I am grateful to the Committee for accurately and sympathetically reflecting my concern about the treatment of schizophrenia in New Zealand. However, the committee makes one fundamental error. Yes,  treatment of schizophrenic sufferers is certainly my concern  -  but no, the wording of my petition does not give voice to concern about present treatment.  Headlining the report is the Committee's interpretation of my petition,  “Request regarding care for people with schizophrenia”.   But my petition clearly asks for an objective assessment of the harm done by the 1992 Act to our schizophrenic population. I thought very carefully about the wording for my petition  -  and decided that first of all we need proof that the 1992 change of philosophy is indeed the singular cause for the pitiful outcome in the lives of so many more schizophrenic people today, compared to yesteryear.  Once this is established with some certainty, then Government will be obliged to put things right.  That was my thinking behind the wording. My petition is actually not a matter of health  -  but rather of justice and charity. I now intend to lobby Parliamentarians along these lines.

Click here to read the report.


It will become overwhelmingly clear that the1992 Mental Health Act will need replacing.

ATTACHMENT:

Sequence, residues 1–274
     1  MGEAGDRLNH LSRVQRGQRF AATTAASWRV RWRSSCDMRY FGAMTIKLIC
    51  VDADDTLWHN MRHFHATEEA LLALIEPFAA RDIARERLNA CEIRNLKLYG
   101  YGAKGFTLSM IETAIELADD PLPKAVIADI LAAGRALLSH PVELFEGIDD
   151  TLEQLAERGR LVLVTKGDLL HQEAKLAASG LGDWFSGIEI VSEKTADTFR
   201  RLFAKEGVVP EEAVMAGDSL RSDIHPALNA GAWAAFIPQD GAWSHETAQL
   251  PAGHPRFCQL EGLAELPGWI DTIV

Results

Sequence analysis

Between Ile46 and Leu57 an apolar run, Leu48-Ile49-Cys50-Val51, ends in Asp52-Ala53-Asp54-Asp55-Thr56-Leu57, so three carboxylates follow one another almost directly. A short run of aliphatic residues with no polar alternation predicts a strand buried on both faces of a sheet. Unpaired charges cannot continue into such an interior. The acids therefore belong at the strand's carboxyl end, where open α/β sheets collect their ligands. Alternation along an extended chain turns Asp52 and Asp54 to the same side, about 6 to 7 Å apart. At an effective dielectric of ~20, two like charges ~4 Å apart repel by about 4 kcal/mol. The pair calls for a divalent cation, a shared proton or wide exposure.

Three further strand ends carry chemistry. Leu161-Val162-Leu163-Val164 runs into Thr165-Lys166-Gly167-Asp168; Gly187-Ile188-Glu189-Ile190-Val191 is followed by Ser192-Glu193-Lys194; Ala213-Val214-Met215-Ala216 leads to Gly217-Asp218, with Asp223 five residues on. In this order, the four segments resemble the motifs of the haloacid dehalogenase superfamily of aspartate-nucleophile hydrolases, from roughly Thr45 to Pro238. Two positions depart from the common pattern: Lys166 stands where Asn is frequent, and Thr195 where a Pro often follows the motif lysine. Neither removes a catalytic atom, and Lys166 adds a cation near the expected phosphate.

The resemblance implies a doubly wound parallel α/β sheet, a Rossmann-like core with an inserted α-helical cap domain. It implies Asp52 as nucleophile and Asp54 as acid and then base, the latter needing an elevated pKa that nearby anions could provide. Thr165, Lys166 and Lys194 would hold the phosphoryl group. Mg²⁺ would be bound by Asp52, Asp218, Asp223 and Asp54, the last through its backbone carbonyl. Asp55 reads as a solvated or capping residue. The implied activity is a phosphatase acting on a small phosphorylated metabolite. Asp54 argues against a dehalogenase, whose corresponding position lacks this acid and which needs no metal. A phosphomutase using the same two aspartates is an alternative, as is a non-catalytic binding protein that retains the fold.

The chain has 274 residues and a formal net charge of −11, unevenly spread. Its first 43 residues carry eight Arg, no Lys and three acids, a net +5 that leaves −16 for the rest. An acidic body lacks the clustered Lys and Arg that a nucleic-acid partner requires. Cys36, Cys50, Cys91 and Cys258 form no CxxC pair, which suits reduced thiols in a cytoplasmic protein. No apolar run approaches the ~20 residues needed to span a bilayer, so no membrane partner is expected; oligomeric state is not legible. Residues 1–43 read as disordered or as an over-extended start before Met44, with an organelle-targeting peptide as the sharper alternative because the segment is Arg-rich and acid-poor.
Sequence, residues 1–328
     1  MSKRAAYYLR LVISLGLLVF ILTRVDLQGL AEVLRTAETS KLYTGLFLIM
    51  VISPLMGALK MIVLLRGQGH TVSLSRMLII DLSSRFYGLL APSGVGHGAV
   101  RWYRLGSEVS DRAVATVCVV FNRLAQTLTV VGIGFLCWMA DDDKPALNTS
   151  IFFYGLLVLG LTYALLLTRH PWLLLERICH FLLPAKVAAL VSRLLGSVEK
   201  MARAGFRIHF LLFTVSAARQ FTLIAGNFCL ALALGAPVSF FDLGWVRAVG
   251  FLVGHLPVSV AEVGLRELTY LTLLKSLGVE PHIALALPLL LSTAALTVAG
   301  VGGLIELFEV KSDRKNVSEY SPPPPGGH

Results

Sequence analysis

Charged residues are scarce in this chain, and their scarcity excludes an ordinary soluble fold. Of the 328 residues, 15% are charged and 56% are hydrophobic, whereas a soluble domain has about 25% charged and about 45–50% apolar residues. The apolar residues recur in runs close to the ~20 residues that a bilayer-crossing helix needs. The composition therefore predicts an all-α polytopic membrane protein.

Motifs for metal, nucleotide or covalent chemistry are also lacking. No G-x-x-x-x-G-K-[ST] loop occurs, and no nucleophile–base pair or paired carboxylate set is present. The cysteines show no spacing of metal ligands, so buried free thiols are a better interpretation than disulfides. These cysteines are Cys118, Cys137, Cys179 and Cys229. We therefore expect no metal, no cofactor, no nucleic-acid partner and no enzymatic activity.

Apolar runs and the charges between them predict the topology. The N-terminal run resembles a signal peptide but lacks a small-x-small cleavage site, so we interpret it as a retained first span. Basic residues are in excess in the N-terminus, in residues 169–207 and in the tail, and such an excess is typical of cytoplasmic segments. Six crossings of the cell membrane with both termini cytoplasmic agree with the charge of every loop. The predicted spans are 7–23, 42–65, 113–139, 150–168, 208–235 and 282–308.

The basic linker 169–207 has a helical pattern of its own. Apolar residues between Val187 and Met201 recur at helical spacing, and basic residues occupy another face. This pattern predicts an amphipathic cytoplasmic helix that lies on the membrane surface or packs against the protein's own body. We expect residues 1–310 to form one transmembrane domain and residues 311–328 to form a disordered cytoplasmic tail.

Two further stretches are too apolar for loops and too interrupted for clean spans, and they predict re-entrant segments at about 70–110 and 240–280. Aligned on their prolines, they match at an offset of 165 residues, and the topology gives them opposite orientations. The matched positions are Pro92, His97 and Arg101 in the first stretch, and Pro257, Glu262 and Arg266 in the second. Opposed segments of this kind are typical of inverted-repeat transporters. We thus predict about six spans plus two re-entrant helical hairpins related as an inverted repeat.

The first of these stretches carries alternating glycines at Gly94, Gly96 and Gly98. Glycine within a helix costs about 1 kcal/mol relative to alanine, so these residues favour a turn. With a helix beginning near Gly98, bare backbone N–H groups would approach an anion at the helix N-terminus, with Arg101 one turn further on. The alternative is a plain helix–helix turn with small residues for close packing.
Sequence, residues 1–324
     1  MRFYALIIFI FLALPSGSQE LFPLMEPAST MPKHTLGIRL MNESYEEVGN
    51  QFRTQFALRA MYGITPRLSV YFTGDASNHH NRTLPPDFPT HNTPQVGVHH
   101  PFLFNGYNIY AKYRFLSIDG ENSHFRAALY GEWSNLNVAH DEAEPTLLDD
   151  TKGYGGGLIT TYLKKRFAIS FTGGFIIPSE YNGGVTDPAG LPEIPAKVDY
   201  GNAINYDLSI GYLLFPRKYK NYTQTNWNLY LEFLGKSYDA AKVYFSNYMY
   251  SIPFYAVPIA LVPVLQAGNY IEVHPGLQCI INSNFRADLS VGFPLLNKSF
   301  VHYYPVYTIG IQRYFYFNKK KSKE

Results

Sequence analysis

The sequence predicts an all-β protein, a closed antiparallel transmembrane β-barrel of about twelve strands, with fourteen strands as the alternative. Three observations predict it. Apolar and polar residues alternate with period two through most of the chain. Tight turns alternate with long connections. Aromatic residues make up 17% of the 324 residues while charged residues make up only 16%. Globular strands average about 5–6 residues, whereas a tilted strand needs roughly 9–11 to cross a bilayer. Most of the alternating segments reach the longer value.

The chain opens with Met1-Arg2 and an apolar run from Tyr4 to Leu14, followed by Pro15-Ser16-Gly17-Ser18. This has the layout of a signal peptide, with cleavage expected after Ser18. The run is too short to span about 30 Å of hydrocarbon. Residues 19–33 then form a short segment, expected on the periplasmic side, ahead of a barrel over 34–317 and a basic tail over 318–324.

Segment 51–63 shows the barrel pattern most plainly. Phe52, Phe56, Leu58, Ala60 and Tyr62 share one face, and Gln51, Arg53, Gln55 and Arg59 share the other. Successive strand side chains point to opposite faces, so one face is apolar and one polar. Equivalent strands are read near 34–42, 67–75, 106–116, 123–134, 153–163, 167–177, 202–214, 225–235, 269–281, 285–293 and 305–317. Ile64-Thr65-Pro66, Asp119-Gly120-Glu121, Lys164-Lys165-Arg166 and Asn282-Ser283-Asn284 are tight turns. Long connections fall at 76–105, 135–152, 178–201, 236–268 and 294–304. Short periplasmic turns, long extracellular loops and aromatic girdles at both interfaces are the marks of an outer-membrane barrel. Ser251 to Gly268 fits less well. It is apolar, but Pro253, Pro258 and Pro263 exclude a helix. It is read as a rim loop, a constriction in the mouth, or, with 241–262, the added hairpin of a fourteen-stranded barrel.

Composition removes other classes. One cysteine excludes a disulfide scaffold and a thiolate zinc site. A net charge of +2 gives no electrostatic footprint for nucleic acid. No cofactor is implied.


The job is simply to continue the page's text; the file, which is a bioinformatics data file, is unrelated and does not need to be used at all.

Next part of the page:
Here in the document on the right, you can readsome suggestions for legislative changes   

- together with some of my reasoning behind the suggestions.

Open Letter to Minister of Health

January 2019

The Government Inquiry into Mental Health and Addiction has published its report. The Commission worked hard to create a 219 page document  -  and it is not my job to criticise their work.  I will concentrate on the only place where one of the recommendations from the Inquiry coincides with the aim inherent in my petition, namely repealing the Mental Health (Compulsory  Assessment and Treatment) Act 1992.  This would be the only really drastic proposal from the Inquiry.  But I find that the reasons given for this change are faulty and quite irrelevant.


Click on the document here on the right, where you can read my letter to Health Minister David Clark, concerning this aspect of the Inquiry report. Or click here.


Final submission to my petition

At long last the petition got its official hearing at  the Standing Health Committee.